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Genes and Obesity

Updated on October 30, 2012

Do you always blame your mother for your big thighs? Do you say that it's your dad's fault that you're big-boned? It's tempting to just blame our weight problems on our genes, but is there really any truth to the claims? Yes, there is a link between our genes and obesity. But that doesn't mean that we get to stop there, say it's not our fault and do nothing about it. Your genes may make it a little bit harder to lose weight than it is for the average person, but they don't make it impossible. So if you're suffering from obesity and you want to make a change, quit blaming your parents and start in on some action!

It IS true that genes play a role in obesity. There are certain disorders which are genetic such as Prader-Willi Syndrome and Bardet-Biedl Syndrome. These are disorders which lead to obesity which is not entirely under the control of the individual. It has also been found in recent years that certain hormones are produced and developed in the body in different ways among people of different sizes. Namely, ghrelin and leptin are weight loss hormones which must be balanced correctly in the body to prevent obesity. As studies about these hormones continue, it may be found that we can alter our genes to prevent hereditary obesity.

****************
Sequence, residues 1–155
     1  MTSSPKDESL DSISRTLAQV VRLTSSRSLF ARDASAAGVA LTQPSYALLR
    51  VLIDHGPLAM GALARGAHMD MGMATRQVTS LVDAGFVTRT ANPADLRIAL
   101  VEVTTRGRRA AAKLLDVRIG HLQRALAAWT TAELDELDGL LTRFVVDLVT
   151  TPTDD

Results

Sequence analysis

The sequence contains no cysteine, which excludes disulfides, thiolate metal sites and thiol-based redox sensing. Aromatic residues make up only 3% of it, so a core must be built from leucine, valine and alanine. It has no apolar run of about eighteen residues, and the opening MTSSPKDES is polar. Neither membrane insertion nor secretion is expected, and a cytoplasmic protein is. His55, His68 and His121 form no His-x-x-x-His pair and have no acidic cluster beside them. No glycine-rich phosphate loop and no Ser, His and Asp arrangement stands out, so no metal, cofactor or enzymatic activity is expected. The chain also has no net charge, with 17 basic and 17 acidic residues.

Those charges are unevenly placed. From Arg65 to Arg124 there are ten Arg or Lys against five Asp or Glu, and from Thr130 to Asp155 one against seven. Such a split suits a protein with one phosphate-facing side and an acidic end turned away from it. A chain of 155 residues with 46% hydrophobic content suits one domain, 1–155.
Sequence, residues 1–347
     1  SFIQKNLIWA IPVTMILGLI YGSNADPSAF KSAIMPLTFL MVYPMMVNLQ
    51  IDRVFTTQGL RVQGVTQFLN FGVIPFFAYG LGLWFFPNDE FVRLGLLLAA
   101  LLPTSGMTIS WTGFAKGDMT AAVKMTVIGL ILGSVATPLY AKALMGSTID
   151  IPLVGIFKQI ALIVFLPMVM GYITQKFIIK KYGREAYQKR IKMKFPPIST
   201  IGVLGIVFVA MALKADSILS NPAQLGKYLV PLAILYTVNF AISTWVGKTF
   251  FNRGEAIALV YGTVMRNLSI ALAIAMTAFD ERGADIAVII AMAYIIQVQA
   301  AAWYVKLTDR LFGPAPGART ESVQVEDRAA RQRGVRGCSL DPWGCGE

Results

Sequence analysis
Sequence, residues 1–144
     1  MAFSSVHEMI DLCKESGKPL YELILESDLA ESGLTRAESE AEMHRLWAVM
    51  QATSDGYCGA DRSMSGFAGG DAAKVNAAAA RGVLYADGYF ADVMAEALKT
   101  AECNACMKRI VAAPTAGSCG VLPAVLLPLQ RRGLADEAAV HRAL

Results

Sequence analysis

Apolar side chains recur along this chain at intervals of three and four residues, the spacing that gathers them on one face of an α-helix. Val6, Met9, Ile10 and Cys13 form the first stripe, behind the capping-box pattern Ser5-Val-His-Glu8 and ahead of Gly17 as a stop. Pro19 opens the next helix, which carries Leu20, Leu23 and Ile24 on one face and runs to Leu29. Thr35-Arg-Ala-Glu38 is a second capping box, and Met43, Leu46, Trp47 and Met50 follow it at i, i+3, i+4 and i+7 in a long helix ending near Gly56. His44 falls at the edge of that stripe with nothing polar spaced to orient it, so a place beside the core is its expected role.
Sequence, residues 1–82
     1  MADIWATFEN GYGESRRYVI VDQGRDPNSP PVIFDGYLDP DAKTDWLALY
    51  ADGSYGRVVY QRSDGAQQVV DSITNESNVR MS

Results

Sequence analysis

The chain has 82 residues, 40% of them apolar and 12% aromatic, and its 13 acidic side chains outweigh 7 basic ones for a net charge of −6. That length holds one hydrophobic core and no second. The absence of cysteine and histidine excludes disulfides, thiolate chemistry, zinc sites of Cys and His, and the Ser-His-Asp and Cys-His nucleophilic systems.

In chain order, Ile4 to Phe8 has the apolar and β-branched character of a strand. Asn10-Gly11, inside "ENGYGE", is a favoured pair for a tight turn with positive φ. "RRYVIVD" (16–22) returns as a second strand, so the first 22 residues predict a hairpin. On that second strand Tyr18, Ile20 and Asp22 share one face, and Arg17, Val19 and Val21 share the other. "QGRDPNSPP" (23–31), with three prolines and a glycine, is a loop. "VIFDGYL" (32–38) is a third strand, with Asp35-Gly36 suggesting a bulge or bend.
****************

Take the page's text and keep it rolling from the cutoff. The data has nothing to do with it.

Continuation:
Genes are just one factor in obesity. Being overweight can be caused by a number of other things which are exacerbated by your "bad genes". You don't have any control over your genes but you do have some control over these other factors. Factors under your control include:

  • Diet. There is truth to that whole "you are what you eat" saying. If you give up on losing weight and just eat whatever you want, you're not helping yourself. Stick to a healthy diet if you want to fight the obesity in your genes.
  • Exercise. No matter how bad your genes are, if you improve your metabolism and burn fat through regular healthy exercise, you're going to lose weight.
  • What's around you. Your environment, your cultural beliefs and practices and even your income can all affect your weight. This is because these things affect the way that you eat, the way that you think about food and the food that you can purchase. Awareness of the effects of the things around you on your weight can help you to make better choices about how to interact with food and exercise in your every day life.

Knowing that you have the ability to minimize the effect of you "bad genes" on your weight isn't just important for you. If you have, or are planning to have, your own children, then you need to be aware of the lifestyle changes that can be made to prevent problems of this nature from hindering them. People who make these changes early on in life are much more successful at preventing obesity despite their genetic predisposition to it than are those people who try to change their habits after the problem has already occurred.


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